Congressional Budget Office (CBO)

Terrific (Even Spicier)

#SomethingTerrific | #WhatTheyVotedFor

White House press secretary Sean Spicer delivers his first statement in the Brady press briefing room at the White House in Washington, D.C. on Jan. 21, 2017. (Shawn Thew/EPA)

File under unknown unkowns:

White House press secretary Sean Spicer said Wednesday it is “literally impossible” to predict the effects of the House Republican plan to repeal and replace ObamaCare.

“There are so many variables that are unknown,” Spicer told reporters. “It seems almost impossible.”

(Fabian)

They aren’t really trying, are they?

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The Messenger

Congressional Budget Office Director Keith Hall, in undated photo from Bloomberg News.

This is not surprising:

The economist that Republicans handpicked to run the Congressional Budget Office just told Republicans that one of their favorite arguments about Obamacare is wrong.

According to a report the CBO released Friday, repealing the Affordable Care Act wouldn’t reduce the deficit, as Republicans have long claimed. It would increase the deficit, by at least $137 billion over 10 years and maybe a lot more than that — with the effects getting bigger over time.

Of course, that’s in addition to the effect repeal would have on the number of Americans without health insurance. The CBO says the ranks of the uninsured would increase by 19 million people next year.

(Cohn)

While it doesn’t necessarily count as a surprise, there is still one mystery here: How does this keep happening?

After all, conservatives have a rough tradition of aiming to subordinate reality to politics in public service, with inconsistent results because enough of these appointed servants still remember what they’re on about. And once again, there is simply no way to twist reality to suit Republican fancy; after all their effort to find a CBO director who would say all the things they want, Keith Hall just couldn’t do it.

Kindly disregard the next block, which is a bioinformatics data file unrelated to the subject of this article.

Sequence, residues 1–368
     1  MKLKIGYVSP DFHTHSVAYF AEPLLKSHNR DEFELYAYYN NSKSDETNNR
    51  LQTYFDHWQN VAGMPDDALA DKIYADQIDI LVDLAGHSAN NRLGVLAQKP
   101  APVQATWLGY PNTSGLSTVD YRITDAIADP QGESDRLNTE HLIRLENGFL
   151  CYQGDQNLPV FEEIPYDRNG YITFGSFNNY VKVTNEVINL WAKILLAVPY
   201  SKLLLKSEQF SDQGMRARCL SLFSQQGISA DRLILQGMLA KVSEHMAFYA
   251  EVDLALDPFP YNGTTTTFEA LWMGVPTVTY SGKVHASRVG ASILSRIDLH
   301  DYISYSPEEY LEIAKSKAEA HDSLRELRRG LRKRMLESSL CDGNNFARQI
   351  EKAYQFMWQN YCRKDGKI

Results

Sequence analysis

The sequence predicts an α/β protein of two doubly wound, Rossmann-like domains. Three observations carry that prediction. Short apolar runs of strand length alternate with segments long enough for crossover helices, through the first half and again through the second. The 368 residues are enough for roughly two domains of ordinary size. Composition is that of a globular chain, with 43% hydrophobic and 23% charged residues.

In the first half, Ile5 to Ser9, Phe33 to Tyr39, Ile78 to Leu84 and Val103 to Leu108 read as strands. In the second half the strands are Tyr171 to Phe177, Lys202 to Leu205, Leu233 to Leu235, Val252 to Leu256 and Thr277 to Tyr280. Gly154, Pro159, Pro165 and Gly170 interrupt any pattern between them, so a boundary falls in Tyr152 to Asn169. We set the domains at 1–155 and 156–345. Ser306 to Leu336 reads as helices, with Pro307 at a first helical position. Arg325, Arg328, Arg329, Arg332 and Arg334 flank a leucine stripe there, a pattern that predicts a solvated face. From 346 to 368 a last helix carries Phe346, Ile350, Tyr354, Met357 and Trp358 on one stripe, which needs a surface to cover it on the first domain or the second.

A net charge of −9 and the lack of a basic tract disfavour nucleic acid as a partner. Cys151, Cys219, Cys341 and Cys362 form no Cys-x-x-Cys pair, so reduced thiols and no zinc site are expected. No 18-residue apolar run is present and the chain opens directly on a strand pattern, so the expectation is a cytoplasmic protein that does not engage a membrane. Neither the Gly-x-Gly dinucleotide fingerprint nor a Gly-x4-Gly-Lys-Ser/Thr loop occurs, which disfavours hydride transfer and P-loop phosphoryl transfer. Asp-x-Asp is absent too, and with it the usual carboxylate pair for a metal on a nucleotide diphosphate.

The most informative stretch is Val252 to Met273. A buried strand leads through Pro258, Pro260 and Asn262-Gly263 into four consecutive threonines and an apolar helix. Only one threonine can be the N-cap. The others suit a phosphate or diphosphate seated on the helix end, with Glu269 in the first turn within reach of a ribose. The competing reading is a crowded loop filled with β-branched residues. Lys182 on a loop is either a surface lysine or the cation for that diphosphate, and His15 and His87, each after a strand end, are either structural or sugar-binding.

We might, then, wonder why they bother trying this sleight in the first place.

____________________

Image note: Congressional Budget Office Director Keith Hall, in undated photo from Bloomberg News.

Cohn, Jonathan. “Obamacare Repeal Would Swell The Deficit Even Using GOP’s New Math, Budget Office Says”. The Huffington Post. 19 June 2015.

The Jeb Bush Show (Launching the Light Fantastic)

Former Florida Gov. Jeb Bush signs autographs from the window of a food truck afterhe formally announced that he would join the race for president with a speech at Miami Dade college, Monday, June 15, 2015, in Miami.  (AP Photo/Wilfredo Lee)

“It depends how radically Mr. Bush plans to restructure the economy.”

John Cochrane

Okay, work with me, here: If we bear in mind that a writer should always accommodate the intended audience, then what are we supposed to think about articles like “6 takeaways from Bush’s launch” by Niall Stanage of The Hill, which actually does, in fact, feature a sentence that reads, “Here are six takeaways from a positive day for the Bush campaign”?

To the other―

Jeb Bush had a lot riding on his official presidential launch on Monday.

Stumbles over the last few months have stripped the sense that the former Florida governor is the front-runner for the Republican nomination next year.

Bush has looked rusty at times on the campaign trail, and a reshuffling of his campaign team just last week highlighted the sense that he needs to get his candidacy in order. But the professionalism of Monday’s launch is likely to calm the nerves of some early Bush backers disconcerted by the early missteps.

Here are six takeaways from a positive day for the Bush campaign.

―it really is a pretty good primer, and carries the metavalue of aptly demonstrating the lowered expectations permeating the GOP’s 2016 nomination contest.

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